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Inspector Bucket
In Bleak House Dickens introduced one of the first detectives in English Literature: Inspector Bucket. Hired by lawyer Tulkinghorn to inquire into Lady Dedlock's secret past, Bucket later investigates Tulkinghorn's murder. Dickens based Bucket on real life detective Charles F. Field, a member of London's new police force. Dickens wrote several stories featuring Field (sometimes under the name of Wield) in his weekly journal Household Words, including On Duty with Inspector Field (June 1851).

Detective Field

Spontaneous Human Combustion
Dickens sparked controversy in Bleak House when he has rag and bone dealer Krook die by spontaneous human combustion, a phenomenon where the human body catches fire as a result of heat generated by internal chemical action. Although scientists have denied the existence of this phenomenon, supposed cases of spontaneous human combustion are still reported today.

Court of Chancery
The Court of Chancery was founded during the reign of Richard II and in Dickens' time was a model of inefficiency. Properties tied up 'in Chancery' were not financially accessible to possible beneficiaries. The court was presided over by the Lord Chancellor, disputants in Chancery cases used solicitors to state their case to hired barristers who presented them in court. In Bleak House Richard Carstone hires Vholes as his solicitor in the Jarndyce and Jarndyce Chancery case.

St. Albans
Dickens located John Jarndyce's Bleak House near the old Roman town of St. Albans in Hertfordshire, about 20 miles north of London.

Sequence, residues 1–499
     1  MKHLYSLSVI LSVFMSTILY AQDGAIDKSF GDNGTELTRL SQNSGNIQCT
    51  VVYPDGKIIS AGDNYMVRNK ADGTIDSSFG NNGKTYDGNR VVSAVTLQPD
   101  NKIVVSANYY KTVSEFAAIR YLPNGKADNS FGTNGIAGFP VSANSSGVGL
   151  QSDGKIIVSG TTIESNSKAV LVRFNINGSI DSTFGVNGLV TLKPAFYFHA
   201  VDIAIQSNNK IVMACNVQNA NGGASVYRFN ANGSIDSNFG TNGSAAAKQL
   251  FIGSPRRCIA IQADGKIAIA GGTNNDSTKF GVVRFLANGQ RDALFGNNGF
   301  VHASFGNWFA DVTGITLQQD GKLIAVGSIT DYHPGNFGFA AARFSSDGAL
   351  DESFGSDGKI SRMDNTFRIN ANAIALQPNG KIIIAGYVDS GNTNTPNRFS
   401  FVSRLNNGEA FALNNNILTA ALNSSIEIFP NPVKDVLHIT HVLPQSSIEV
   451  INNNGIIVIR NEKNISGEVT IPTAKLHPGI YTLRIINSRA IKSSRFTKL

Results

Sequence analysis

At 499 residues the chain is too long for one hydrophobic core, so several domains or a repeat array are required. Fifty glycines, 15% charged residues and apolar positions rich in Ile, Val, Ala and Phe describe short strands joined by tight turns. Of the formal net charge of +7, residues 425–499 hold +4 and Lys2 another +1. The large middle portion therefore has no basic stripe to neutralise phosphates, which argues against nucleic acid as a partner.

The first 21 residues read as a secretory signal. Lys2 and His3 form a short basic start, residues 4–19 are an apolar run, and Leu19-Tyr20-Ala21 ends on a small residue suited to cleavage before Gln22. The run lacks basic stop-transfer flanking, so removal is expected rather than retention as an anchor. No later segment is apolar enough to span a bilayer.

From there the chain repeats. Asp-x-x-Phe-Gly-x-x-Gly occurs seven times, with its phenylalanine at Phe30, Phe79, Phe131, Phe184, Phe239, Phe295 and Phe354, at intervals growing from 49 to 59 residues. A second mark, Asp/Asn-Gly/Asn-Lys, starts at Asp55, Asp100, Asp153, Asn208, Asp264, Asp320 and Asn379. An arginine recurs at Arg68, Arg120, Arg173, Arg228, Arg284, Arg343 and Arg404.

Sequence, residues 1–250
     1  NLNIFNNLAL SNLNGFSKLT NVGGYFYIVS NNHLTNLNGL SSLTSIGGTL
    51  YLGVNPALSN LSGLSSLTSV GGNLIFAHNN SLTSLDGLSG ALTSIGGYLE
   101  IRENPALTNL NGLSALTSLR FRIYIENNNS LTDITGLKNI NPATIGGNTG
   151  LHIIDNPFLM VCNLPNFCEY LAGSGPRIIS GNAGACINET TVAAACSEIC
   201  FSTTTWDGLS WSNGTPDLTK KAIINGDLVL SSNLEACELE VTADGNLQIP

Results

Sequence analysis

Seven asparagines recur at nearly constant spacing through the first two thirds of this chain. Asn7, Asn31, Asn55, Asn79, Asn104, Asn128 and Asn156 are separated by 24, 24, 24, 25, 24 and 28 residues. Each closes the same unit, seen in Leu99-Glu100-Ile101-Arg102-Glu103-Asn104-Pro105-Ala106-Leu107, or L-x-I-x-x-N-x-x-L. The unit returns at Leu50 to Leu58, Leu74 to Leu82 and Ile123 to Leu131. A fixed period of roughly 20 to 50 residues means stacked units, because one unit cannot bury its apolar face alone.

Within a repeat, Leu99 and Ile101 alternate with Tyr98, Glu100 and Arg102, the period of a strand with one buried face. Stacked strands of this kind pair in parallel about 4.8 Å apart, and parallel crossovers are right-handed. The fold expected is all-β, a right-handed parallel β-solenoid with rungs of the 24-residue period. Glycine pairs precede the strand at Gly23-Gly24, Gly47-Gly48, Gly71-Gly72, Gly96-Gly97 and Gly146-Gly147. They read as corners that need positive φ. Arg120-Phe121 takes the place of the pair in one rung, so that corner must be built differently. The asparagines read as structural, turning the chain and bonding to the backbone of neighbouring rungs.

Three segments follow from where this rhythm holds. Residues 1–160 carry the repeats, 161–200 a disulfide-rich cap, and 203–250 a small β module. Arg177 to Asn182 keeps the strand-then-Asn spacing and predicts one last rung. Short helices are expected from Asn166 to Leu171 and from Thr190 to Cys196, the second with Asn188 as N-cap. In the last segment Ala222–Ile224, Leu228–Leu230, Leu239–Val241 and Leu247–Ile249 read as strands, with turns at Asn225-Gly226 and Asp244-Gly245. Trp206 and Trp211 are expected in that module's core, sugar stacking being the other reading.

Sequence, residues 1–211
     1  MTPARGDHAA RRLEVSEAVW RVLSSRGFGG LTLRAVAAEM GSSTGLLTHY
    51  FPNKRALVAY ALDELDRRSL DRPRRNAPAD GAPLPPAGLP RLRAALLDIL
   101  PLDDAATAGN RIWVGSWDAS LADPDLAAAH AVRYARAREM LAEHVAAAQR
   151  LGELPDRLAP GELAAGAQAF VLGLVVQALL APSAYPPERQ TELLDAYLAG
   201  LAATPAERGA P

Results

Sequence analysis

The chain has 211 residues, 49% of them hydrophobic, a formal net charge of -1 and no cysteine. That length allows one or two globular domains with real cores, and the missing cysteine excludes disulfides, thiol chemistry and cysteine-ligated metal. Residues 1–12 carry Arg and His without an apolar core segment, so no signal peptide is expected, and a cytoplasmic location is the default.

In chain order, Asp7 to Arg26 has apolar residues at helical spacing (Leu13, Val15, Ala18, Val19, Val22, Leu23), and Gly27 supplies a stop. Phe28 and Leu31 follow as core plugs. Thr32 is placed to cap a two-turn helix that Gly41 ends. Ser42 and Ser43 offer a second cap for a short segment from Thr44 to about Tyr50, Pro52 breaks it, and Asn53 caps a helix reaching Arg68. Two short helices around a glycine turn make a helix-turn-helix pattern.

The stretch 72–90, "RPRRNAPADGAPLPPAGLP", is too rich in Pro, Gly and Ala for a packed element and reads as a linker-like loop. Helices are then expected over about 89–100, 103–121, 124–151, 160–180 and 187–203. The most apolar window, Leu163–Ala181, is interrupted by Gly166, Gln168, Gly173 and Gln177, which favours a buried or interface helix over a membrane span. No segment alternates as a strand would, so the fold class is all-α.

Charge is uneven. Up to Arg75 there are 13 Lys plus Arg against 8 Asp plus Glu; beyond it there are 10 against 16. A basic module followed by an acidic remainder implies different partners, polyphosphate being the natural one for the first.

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Bleak House
Bleak House (2005) DVD
Gillian Anderson, Anna Maxwell Martin, Denis Lawson

Dickens Redressed - Alexander Welsh
Dickens Redressed
Alexander Welsh
The Art of Bleak House and Hard Times

Dickens' life during the serialization of Bleak House
Mar 1852 - Sep 1853

Dickens' age: 40-41

March 1852

Son Edward Bulwer Lytton (Plorn) Dickens born

Summer 1852

Dickens' amateur acting troupe performing Edward Bulwer-Lytton's Not so Bad as We Seem throughout England for the benefit of the Guild of Literature and Art.

February 1853

Becomes involved in a controversy concerning spontaneous combustion, from which Krook dies in the novel. George Henry Lewes argued that the phenomenon was a scientific impossibility, Dickens maintained that it could happen.

June 1853

Seriously ill with a recurrence of a childhood kidney complaint. Bedridden for six days, he then went to Boulogne, France to fully recover.

August 1853

Celebrates finishing the novel with a banquet in Boulogne. In attendance were his publishers Bradbury and Evans, friends Mark Lemon, and Wilkie Collins.

September 1853

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Bleak House

Bleak House - Published in monthly parts Mar 1852 - Sep 1853
Read it online | Shop for the Book | Shop for the Video | Illustrations | Locations